St Boniface – Iconoclasm – Donation of Pepin – Alcuin, Bede
|711||Islam has spread from India to North Africa. All of North Africa is under Islamic control|
|717||The Arabs attempt to conquer Constantinople for the second time. Byzantine Emperor Leo the Isaurian, who reigns until 741 CE, counters the Arab attempt with “Greek Fire” (a liquid mixture of sulfur, naphtha and quicklime which is released from bronze tubes, situated on ships and on the walls of Constantinople) and great military strength. Leo defeats the Arab forces and reconquers most of Asia Minor. The territory of Asia Minor, together with Greece, becomes the seat of Byzantine civilization for several centuries.|
|719||St Boniface – Apostle of Germany – “Boniface” (one who does good). He then went north across the Alps and embarked on 35 years of missionary work in various parts of Germany, which included a return visit to Frisia. In 722 he was consecrated by the pope as bishop of the whole of Germany east of the Rhine.|
|720||Muslims take Spain|
|726-787||Iconoclasm. The iconoclastic controversy. Emperor Leo III attacked the use of images. John of Damascus defended the use of icons in worship by differentiating between veneration and worship. He also argued that the use of images is an affirmation of Christ’s humanity, because a real person can be depicted. The opposition responds that images of Christ are not valid depictions because they can only represent his humanity, but not his divinity.|
|731||The Venerable Bede writes “Ecclesiastical History of the English People”|
|732||Battle of Tours, France – Spread of Islam into Europe stoppedFrance assume Catholic leadership in Europe stopping the advance of the Muslims (Battle of Tours, 732)
|740||The 2nd wave of Iconoclasm|
|749d||St John Damascus, the last of the Church Fathers, dies|
|750||The first great English epic poem, Beowulf, is written in Old English. The work is anonymous and untitled until 1805. It is a Christian poem that exemplifies early medieval society in England and shows roots in Old Testament Law.|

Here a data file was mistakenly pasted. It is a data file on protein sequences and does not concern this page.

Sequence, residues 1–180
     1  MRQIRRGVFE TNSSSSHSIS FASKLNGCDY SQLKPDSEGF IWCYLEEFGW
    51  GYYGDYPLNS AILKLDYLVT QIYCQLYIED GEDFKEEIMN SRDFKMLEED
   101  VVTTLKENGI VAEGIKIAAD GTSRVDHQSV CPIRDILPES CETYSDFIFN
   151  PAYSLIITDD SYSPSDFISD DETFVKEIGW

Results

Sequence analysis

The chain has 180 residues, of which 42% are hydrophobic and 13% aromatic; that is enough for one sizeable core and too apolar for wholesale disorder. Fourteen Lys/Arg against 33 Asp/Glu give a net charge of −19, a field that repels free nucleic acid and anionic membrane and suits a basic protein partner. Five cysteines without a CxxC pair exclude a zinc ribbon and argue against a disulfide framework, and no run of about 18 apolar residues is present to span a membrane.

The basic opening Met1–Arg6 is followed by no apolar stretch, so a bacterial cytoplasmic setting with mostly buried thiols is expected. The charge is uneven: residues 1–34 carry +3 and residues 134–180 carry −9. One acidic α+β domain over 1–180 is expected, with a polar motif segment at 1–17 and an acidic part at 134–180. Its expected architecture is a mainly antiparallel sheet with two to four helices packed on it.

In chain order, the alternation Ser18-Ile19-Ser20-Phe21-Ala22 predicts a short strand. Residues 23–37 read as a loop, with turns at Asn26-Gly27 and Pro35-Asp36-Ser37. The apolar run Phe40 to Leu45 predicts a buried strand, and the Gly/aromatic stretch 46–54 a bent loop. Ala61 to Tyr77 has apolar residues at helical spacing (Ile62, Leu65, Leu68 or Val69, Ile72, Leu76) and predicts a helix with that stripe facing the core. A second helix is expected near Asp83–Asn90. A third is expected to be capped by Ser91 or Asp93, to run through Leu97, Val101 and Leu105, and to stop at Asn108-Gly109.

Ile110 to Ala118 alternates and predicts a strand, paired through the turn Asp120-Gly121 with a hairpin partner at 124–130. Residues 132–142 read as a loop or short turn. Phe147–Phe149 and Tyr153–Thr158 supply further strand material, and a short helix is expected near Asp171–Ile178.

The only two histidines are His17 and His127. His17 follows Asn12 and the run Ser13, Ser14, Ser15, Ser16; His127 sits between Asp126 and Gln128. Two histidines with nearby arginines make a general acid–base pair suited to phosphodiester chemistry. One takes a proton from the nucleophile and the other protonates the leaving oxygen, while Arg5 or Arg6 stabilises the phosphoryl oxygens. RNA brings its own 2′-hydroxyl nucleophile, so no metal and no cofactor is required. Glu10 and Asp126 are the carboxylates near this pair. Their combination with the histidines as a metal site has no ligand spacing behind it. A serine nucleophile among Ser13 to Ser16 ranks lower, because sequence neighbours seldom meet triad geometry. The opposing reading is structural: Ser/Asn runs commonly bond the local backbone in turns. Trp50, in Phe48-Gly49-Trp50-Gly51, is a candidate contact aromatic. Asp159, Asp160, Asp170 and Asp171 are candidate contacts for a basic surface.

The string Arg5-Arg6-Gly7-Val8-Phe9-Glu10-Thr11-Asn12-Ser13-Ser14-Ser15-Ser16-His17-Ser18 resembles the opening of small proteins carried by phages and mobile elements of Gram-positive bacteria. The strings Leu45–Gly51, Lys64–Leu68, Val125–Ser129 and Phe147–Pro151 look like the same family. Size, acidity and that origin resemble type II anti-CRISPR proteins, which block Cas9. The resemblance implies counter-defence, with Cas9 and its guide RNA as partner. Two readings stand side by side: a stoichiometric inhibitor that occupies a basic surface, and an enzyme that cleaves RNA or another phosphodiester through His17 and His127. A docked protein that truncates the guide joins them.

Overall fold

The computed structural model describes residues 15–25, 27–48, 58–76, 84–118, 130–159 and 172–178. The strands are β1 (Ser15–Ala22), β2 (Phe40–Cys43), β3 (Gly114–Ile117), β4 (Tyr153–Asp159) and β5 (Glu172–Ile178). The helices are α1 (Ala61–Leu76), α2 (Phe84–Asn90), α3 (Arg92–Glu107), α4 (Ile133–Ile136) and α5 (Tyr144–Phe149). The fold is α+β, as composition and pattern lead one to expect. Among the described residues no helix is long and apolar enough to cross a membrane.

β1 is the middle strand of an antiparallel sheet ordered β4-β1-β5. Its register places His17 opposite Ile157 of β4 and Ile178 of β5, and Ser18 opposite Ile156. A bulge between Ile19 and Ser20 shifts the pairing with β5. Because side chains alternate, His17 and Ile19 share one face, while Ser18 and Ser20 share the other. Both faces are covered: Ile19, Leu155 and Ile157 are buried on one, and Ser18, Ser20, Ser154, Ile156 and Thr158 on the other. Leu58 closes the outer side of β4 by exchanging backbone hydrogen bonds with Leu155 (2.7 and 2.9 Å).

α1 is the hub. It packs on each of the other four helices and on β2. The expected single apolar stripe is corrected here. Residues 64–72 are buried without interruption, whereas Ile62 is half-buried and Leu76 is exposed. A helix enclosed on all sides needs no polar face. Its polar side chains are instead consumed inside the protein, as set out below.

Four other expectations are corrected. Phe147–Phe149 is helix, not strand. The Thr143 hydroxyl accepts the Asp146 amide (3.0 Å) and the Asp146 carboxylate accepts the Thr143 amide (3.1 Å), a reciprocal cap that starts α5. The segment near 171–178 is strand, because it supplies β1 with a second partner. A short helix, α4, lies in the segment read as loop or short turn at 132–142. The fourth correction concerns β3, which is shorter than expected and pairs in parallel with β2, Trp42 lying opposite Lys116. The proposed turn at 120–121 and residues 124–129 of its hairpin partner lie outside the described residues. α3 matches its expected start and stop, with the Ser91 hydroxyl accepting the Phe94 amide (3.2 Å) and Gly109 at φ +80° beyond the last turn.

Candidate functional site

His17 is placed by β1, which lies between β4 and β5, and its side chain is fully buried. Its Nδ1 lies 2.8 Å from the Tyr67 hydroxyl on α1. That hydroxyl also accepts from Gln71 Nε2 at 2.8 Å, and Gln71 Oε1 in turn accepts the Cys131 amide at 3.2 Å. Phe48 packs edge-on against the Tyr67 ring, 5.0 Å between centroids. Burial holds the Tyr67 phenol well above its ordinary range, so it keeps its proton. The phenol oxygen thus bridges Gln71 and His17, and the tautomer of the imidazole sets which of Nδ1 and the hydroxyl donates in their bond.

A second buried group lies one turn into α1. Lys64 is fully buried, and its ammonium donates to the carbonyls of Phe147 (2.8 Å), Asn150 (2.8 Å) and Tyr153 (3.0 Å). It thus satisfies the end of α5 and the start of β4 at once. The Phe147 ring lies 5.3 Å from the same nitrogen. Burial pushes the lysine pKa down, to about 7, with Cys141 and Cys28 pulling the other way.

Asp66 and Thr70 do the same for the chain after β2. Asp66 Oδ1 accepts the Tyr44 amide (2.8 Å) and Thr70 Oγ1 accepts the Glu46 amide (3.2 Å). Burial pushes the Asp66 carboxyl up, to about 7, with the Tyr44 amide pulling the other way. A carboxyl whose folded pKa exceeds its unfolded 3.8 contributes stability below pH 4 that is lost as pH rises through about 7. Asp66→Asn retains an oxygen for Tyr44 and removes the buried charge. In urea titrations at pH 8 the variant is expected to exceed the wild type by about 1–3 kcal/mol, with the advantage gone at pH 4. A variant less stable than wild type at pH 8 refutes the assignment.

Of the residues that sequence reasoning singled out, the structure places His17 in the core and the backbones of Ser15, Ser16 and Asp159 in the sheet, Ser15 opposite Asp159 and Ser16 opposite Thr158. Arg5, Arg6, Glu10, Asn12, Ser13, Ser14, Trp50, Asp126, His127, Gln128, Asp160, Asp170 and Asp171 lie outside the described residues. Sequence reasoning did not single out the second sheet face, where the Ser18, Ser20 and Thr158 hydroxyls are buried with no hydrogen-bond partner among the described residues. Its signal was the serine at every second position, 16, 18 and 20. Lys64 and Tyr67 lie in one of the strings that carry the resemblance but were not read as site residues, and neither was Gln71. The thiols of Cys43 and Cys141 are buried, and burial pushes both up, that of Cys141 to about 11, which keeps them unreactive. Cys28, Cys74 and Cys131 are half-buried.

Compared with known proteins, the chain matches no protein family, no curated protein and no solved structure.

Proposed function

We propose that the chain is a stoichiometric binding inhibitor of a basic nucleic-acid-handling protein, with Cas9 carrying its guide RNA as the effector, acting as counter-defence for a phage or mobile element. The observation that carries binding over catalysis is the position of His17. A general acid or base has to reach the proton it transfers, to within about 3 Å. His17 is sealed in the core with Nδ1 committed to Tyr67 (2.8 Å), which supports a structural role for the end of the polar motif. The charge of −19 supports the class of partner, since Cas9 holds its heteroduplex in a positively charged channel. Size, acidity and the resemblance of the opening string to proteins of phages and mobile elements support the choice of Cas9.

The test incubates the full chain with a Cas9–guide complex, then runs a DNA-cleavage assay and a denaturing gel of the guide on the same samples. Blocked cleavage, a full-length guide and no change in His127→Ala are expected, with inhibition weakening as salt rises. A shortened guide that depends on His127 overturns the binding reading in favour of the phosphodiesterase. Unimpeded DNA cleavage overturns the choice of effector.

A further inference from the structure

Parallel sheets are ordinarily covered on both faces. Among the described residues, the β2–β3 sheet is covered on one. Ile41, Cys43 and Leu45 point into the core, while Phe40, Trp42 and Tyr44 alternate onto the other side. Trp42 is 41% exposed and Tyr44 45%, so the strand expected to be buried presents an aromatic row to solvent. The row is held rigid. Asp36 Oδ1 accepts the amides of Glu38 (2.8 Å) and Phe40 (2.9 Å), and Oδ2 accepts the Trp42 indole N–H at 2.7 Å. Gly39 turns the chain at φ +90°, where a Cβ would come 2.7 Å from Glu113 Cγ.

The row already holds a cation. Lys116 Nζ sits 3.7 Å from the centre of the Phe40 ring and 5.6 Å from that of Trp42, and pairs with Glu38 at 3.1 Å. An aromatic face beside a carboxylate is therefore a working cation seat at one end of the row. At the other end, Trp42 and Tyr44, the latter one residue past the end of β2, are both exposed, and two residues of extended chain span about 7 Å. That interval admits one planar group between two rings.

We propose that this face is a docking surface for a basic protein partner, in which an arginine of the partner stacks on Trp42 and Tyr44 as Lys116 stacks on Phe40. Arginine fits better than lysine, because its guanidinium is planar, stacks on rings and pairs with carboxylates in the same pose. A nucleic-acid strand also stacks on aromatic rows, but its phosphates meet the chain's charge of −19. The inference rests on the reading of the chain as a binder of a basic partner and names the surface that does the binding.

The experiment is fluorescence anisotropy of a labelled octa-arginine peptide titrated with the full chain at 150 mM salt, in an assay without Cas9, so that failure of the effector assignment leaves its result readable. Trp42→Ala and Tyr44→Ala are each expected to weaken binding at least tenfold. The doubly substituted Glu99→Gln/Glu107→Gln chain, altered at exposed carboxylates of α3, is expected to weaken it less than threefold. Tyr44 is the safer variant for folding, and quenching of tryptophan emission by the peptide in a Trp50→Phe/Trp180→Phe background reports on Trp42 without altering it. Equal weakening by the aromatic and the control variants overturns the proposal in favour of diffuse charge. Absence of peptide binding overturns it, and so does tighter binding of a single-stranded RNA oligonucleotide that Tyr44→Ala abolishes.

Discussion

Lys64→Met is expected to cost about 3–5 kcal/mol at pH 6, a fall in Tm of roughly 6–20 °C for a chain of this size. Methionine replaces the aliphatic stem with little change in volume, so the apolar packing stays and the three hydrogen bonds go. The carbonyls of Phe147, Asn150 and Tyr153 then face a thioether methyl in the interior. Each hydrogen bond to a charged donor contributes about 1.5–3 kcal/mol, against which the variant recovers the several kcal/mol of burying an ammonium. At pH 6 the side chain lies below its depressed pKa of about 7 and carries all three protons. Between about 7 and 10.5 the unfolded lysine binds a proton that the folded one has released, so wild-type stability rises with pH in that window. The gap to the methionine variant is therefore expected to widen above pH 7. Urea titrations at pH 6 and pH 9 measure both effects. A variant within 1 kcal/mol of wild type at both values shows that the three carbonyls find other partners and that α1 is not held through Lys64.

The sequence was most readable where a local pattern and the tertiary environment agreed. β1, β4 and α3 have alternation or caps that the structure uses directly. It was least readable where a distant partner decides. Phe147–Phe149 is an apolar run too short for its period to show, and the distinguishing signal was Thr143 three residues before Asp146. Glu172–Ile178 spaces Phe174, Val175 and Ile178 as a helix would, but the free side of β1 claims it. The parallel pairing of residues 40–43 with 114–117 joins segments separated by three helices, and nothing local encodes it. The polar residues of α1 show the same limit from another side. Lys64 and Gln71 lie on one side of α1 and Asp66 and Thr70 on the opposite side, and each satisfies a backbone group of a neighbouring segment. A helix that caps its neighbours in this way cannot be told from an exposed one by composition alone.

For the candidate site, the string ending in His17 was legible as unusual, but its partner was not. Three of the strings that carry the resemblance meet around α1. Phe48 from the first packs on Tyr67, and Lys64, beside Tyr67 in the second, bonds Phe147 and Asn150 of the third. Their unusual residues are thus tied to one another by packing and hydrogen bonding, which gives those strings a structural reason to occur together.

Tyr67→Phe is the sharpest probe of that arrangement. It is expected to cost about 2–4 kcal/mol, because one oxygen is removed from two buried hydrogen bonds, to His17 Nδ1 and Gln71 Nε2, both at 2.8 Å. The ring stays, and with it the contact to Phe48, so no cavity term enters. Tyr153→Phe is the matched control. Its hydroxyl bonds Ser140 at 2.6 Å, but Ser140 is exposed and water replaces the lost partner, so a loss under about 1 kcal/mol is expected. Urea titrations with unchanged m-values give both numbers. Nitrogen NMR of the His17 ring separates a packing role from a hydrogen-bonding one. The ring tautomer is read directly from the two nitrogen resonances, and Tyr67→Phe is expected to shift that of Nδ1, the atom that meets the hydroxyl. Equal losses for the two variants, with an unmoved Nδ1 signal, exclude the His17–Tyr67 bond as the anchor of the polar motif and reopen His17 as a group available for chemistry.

|751||St. Boniface anoints Pepin a divinely sanctioned king, and the Frankish monarchy is fused into the papal order. The western European empire, based on the alliance between the Frankish monarchy and the Latin Church, provides the image of Western cultural unity for Europeans|
|754 & 756||Donations of Pepin|
|768||Pepin’s son, Carolus Magnus (Charlemagne), succeeds his father and is one of the most important rulers of medieval history. The beginning of the “Carolingian Renaissance.” Prior to this revival of learning, practically the entire realm (with the exception of Benedictine England) is illiterate due to the decay of the Roman Empire. The director of the “renaissance” is Anglo-Saxon Benedictine St Alcuin, who receives his learning from a student of St Bede. St Alcuin sets up schools, sees to the copying of classical Latin texts and develops a new handwriting. St Alcuin played key role in combating the heresy of Adoptism and developed the original “liberal arts” curriculum for Charlemagne|
|787||Second Council of Nicea called by St Tarasius, Patriarch of Constantinople|
|800||Pope St Leo III crowned Charlemagne Emperor of the West on Christmas Day. This began the Carolingian Renaissance (Holy Roman Empire) that lasted almost 1000 years.|
From the Orthodox Wiki
The first iconoclastic period: 730-787
Emperor Leo III the Isaurian (reigned 717–741) banned the use of icons of Jesus, Mary, and the saints and commanded the destruction of these images in 730. The Iconoclastic Controversy was fueled by the refusal of many Christian residents outside the Byzantine Empire, including many Christians living in the Islamic Caliphate, to accept the emperor’s theological arguments. St. John of Damascuswas one of the most prominent of these. Ironically, Christians living under Muslim rule at this time had more freedom to write in defense of icons than did those living in the Byzantine Empire. St. John of Damascus‘s teaching centered around his clarification and distinction of the terms worship and veneration, teaching that we worship God, depicted in the icon, and simply venerate the icon itself as an image of the Prototype. In his defense of icons he wrote, “I do not worship creation over the creator.”